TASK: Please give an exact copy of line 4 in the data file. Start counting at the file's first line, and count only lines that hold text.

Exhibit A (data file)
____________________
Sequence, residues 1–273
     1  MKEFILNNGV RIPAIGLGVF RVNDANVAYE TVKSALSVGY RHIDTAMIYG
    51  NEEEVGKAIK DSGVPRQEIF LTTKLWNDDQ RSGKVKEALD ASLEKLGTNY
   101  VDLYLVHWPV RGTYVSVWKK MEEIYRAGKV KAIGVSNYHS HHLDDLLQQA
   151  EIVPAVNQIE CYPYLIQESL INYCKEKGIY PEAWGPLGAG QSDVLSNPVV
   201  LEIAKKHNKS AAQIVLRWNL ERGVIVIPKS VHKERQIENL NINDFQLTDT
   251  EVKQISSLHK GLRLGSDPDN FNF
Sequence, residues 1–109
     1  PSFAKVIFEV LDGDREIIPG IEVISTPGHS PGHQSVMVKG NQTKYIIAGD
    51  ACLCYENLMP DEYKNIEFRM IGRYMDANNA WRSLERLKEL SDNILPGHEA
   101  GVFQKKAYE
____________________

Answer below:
   101  VDLYLVHWPV RGTYVSVWKK MEEIYRAGKV KAIGVSNYHS HHLDDLLQQA